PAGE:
According to the provisions of the State Acquisition Law of 1951, no person or family could own land exceeding 100 standard bighas (1 bigha = 0.33 acre). The ceiling was subsequently raised to 375 bighas on the recommendation of the Land Reforms Commission and then again brought down to 100 bighas. The 1984 Reforms Ordinance however, provided that families owning land up to 60 bighas were debarred from acquiring further land by purchase, inheritance, or otherwise. The original law, read with the subsequent ordinance, forced big agricultural families to surrender surplus land beyond the approved ceilings to the government. In 1984, two legislative acts for streamlining the land administration were formulated. These were the Land Reforms Board Act and the Land Appeal Board Act. The acts created two apex bodies, one for strengthening the district land administration, and the other for speedy disposal of appeals and revision cases relating to the land. The land revenue staff at the district level and subordinate offices down to tahsil office were made accountable to the two apex bodies.

Land management does not envisage the collection of land dues (land revenue or rent, now called the land development tax) only. The scope of land management covers maintenance of record-of-right, quick and equitable settlement of khas land and alluvial accretions, rent adjustment in diluvion affected holdings, institutional financial assistance to landless and marginal farmers, speedy disposal of recovery proceedings and, above all, provision of trained revenue officials and adequate supervision of such officials at all levels. Proper maintenance of record-of-rights requires preparation/revision of land records including maps on periodical basis and continuous updating of these records. The updating of land records is required because of continuous changes in land ownership by way of transfer, purchase, sale, gift, mortgage, inheritance and partition deeds.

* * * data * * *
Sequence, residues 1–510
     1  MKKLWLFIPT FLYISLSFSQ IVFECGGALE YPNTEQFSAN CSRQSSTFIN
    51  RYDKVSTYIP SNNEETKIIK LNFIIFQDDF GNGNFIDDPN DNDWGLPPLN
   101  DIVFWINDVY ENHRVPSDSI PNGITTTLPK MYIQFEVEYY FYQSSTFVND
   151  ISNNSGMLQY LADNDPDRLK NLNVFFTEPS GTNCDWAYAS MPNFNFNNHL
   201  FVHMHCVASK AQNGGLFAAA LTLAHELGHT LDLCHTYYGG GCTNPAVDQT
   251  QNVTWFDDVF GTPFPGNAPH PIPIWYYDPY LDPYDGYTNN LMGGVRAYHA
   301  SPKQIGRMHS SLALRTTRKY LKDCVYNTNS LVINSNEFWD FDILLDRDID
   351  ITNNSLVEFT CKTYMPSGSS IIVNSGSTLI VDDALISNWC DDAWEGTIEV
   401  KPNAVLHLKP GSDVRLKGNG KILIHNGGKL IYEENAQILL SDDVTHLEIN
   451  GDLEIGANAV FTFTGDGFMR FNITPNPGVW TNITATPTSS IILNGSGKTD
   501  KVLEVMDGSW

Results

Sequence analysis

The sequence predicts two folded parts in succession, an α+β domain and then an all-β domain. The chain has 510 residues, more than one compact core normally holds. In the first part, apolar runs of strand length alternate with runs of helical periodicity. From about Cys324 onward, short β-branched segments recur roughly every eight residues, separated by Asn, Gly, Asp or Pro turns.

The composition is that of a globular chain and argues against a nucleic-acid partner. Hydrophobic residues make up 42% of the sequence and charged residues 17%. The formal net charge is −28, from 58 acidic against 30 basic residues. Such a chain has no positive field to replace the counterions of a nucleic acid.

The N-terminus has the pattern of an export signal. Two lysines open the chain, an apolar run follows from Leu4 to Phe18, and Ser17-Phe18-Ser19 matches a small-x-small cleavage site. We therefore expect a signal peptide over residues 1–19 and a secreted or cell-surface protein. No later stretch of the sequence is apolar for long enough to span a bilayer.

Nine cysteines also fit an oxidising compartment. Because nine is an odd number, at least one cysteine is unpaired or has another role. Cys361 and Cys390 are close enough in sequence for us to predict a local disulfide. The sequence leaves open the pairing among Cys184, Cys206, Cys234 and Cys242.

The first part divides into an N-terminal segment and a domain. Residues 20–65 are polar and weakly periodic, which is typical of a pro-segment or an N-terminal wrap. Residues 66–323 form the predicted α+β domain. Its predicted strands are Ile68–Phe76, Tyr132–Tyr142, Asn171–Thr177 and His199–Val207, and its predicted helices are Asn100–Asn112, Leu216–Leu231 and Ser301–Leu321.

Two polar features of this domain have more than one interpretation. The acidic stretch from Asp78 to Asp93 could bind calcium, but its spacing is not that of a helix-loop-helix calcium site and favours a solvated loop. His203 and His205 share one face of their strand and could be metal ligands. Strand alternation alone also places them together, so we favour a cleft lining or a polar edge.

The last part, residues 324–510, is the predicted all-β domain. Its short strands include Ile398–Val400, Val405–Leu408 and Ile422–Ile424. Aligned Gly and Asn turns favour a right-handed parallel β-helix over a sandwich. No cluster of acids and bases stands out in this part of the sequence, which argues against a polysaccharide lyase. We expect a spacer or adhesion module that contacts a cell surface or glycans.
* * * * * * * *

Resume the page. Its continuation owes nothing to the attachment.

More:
This is a responsibility of the Directorate of Land Records and Surveys. The techniques and methodologies are old but dependable and produce end-results that have a fair degree of accuracy, compared to the cost involved. Information regarding land ownership or shares of ownership are collected on the ground in a way that minimises local disputes. A procedure of settlement (or adjudication) follows to allow objections and appeals to be dealt with. Computerisation of land records and development of an organised land information system (LIS), however, have become essential, especially because of the increasing number of tenantry. For farmers holding land or having interest in land in more than one village, a khatiyan or a record of right, containing their individual land interests and essential details of each plot with classification and area is needed. The proposed LIS, developed on a district basis, can be useful for retrieval of information for specific purposes.

A tahsil office (revenue office at the lowest level, usually one in every large or two small unions or wards) works to implement changes in land ownership by updating records through a process called mutation. Mutation cases are heard and disposed of (after giving notice to parties involved) by a revenue official at the thana level, now designated Assistant Commissioner, Land. The tahsildar, or head of a tahsil office, conducts a preliminary spot inquiry to ascertain the genuineness of a mutation prayer. The tahsildar has many other functions, and it is on the basis of his work that the unit officer at thana level passes orders. For instance, he has to keep a complete list of government khas land, which includes land in excess of the ceiling on ownership and surrendered to the government. Tahsil office staffs therefore, need proper training at regular intervals.

The government undertook several initiatives to improve land management through reforms including pilot projects on modernisation of land records and land management. However, there has been no significant improvement in the overall situation since all new proposals to change the existing system of maintaining and updating records are still under scrutiny. [T Hussain]